The Mediterranean is turning into a tropical sea due to rising global temperatures, the World Wide Fund for Nature (WWF) warned in a report published recently.
The Italian branch of the WWF says that due to the climate crisis nearly 1,000 exotic species have adapted to live in its waters — replacing endemic species.
This finding confirms reports by Greek scientists that alien fish species from the Red Sea have “invaded” the Aegean and the Ionian Seas over the last several years.
Tropical sea temperatures?
The study found that with temperatures rising 20 percent faster than the global average and sea levels also rising — they are projected to have risen one meter by 2100 — the Mediterranean is becoming the saltiest and fastest-warming sea on the planet.
“Urgent action is needed to further mitigate greenhouse gas emissions and adapt to the new reality of a warming sea,” the WWF said.
“The scenarios presented by experts on the future of the Mediterranean, which speak of accelerating temperature rises and the entry of numerous alien species, the Mare Nostrum is at risk of changing face very quickly with inevitable consequences for communities. Now, more than ever, it is necessary to focus on the protected marine area, at least 30% by 2030,” the president of WWF Italy, Donatella Bianchi, said in a statement.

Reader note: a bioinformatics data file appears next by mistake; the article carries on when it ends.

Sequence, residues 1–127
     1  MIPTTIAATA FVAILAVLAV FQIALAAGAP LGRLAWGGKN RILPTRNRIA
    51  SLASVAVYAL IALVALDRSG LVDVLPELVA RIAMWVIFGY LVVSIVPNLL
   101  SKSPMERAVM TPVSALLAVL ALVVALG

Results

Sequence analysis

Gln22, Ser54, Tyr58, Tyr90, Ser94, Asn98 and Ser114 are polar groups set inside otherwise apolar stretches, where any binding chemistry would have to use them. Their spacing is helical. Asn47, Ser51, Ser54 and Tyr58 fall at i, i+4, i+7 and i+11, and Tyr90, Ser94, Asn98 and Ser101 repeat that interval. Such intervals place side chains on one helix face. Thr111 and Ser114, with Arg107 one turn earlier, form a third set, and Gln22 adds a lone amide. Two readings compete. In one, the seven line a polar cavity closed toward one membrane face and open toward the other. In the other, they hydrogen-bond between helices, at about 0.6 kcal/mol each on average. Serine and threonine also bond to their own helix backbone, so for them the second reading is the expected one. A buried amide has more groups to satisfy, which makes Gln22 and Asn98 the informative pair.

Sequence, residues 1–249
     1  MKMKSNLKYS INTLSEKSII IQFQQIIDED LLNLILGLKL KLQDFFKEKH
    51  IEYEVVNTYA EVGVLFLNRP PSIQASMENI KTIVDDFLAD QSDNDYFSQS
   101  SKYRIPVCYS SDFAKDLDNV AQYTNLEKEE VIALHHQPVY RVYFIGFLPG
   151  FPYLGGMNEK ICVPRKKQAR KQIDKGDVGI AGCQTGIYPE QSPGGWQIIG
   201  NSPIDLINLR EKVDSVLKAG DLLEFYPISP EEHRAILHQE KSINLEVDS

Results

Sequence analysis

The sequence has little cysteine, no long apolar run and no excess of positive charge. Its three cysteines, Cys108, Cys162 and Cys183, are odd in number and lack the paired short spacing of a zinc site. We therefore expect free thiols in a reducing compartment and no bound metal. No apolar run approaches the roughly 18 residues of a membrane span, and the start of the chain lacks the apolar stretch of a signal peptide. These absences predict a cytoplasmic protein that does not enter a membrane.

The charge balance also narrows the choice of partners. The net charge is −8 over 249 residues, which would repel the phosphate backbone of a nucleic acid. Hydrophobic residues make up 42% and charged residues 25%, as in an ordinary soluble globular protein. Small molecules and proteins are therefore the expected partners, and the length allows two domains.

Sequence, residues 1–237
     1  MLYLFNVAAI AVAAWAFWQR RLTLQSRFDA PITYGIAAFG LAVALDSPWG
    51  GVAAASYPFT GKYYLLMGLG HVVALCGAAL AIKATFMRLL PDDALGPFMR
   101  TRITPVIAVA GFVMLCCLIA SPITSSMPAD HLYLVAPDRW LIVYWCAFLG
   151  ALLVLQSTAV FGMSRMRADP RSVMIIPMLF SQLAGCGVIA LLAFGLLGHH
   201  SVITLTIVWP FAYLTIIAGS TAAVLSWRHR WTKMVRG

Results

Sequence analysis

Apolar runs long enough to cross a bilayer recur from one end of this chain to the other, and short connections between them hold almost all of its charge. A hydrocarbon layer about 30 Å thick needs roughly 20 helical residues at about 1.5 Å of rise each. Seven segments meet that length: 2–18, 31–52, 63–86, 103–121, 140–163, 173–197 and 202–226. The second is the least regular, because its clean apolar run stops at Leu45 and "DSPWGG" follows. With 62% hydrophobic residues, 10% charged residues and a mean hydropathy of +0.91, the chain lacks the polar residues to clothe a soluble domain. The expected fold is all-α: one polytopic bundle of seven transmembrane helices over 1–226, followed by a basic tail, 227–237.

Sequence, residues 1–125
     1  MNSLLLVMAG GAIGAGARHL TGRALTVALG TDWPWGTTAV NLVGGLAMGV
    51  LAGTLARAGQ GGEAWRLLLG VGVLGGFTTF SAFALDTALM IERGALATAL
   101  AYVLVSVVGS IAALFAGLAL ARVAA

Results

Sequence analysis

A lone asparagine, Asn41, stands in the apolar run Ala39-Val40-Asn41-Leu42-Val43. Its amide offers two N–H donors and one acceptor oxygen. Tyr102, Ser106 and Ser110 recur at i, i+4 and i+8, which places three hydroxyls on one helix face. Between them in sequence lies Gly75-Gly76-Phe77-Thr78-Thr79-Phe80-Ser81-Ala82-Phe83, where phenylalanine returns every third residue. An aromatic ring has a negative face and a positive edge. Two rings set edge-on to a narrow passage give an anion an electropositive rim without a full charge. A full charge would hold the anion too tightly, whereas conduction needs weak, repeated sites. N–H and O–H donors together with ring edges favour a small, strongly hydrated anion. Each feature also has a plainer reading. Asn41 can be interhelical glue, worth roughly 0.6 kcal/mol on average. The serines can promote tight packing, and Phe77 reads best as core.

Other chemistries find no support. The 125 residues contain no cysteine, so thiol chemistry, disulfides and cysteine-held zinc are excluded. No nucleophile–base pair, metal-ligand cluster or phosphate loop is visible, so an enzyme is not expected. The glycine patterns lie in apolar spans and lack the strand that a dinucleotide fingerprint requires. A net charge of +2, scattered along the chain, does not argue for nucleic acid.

Deep waters of the Mediterranean Sea also affected
The study also notes that rising temperatures are also transforming the depths of deep waters in the Mediterranean. Endemic grasslands and Pinna nobilis have decreased throughout the region, eventually becoming completely extinct in some areas.
The loss of these species would have a dramatic impact on the entire marine ecosystem as they provide vital habitats for many species, produce benefits in the fight against climate change as some of them function as natural carbon sinks and also for our economy as they often attract divers and tourists, the study warns.
The maritime director of WWF Italy, Giulia Prato, said: “the Mediterranean sea today is no longer what it was. Its tropicalization is already advanced. Climate change is not a problem of the future, it is a reality that scientists, fishermen, divers, coastal communities and tourists are already experiencing today”.
The report says native mollusks have declined by almost 90% in Israeli waters, invasive species such as rabbitfish account for 80% of catches in Turkey, and southern species such as barracudas and brown groupers have become common sightings in the waters of northern Liguria (Italy).
Likewise, storms and higher temperatures are also transforming deep water depths and endemic forests of “posidonia”, “gorgonians” and “Pinna nobilis” have declined throughout the region, and have become completely extinct in some areas, such as in the Spanish Mediterranean.
“The loss of these species would have a dramatic impact on the entire marine ecosystem, as they provide vital habitats for many species, produce benefits in the fight against climate change, as some of them function as natural carbon sinks and also for our economy, as they often attract divers and tourists,” the WWF says.